Who Is a Reform Jew? In Israel, polls find them to be an elusive bunch.

AuthorRosner, Shmuel

How many Reform Jews live in Israel?

The proper answer to this question ought to be: Who cares? And yet some people do care, me included. Orthodox rabbis care because they fear Reform infiltration; pro-Reform activists care because they want the denomination's fortunes to rise in Israel; I care because of professional interest. Some care because Reform Judaism plays a significant role in Jewish life in America, and its adherents would like it to play a similar role in Israel. Can it succeed? This depends, among other things, on numbers. Hence, the repeated attempts to figure out the number of Reform Israelis.

My latest attempt to do such a thing was part of an ongoing study of Israeli Judaism under the auspices of The Jewish People Policy Institute, of which I am a director. Despite this and another large-scale JPPI study called "Rising Streams" by Dan Feferman, the "streams" in question being Reform and Conservative Judaism, we still can't figure out the exact number of Israelis who ought to be called Reform Jews.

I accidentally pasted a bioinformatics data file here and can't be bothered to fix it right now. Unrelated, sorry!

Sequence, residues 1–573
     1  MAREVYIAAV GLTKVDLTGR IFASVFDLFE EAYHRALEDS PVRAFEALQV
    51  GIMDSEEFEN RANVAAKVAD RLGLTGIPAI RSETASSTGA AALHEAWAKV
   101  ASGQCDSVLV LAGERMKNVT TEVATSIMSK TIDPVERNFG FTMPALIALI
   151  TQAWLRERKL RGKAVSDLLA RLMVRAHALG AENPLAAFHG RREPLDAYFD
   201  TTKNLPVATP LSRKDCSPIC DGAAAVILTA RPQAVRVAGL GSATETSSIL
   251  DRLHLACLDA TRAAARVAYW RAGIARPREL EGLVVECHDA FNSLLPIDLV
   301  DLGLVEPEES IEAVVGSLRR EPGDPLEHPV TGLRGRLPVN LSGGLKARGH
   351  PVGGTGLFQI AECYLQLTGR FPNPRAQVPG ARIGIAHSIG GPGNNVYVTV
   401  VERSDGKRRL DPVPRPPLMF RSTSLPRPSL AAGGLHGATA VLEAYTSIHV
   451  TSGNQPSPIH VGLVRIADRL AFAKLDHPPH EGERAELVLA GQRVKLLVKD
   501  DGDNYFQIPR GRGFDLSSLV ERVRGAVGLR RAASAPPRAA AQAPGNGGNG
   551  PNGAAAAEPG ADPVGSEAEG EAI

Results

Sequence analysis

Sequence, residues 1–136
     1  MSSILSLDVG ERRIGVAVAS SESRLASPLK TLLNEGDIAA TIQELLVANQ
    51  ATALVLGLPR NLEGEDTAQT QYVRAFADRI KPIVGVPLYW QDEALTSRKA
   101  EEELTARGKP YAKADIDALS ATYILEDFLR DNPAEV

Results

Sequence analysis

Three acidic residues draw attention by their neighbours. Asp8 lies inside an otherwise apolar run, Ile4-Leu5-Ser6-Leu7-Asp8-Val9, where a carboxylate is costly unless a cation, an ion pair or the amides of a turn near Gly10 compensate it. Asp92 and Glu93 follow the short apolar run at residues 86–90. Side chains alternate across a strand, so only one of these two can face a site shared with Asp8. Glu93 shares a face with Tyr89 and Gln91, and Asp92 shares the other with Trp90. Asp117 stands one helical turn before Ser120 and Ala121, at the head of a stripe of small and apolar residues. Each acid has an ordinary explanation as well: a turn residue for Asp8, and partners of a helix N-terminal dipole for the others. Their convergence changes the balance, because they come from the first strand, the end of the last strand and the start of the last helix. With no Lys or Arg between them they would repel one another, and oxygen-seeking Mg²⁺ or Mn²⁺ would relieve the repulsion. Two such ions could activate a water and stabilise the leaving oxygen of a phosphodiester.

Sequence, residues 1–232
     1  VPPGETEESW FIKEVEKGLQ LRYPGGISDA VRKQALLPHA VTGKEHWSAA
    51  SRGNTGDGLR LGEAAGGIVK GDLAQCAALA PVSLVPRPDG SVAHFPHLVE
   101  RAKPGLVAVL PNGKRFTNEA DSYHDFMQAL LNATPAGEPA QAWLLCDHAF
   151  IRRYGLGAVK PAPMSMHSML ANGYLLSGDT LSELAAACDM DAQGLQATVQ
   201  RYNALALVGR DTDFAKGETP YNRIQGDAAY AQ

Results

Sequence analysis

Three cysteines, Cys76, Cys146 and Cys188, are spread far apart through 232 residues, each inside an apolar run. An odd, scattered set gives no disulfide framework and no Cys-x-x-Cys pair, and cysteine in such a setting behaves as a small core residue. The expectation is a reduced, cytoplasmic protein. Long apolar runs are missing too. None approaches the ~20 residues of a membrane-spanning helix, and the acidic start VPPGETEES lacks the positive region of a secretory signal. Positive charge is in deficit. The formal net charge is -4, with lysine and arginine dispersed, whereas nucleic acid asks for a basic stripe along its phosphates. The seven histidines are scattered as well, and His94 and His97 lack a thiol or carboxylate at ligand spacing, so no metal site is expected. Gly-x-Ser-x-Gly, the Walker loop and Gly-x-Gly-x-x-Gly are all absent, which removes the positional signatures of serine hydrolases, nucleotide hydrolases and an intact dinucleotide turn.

Numbers matter in politics, and in Israel some religious matters, including this one, are political. If there are no Reform Jews in Israel, or very few, there is less reason to demand official status for Reform as a denomination, a status that would bring with it more state funding and prestige.

Alas, the numbers refuse to tell a coherent story. One study (Pew, 2015) finds few Reform Jews in Israel--about 3 percent, fewer than 200,000 people. Another study (JPPI's "#IsraeliJudaism," 2018) finds 8 percent. As usual with polling, the outcome often depends on what question is asked and how. Do respondents "identify" as Reform? Do they "support" Reform? Are they "members" of Reform? Is their synagogue Reform? But it also depends on other things, such as what the other choices are or what mood they are in when the question is posed.

Take, for example, one recent question we asked in a JPPI survey in order to accommodate, as The Times of Israel put it, "a group of Reform and Conservative leaders [who] complained of once again being left off the charts." The nature of the complaint was a little complicated, but bear with me. In recent years, Israeli polls that deal with Jewish religious sub-groups have attempted to measure them using two types of groupings. In one, we use the traditional terms Israelis commonly use to describe themselves. The answers divide the population into groups such as "secular," "traditional," "religious" (Dati)...

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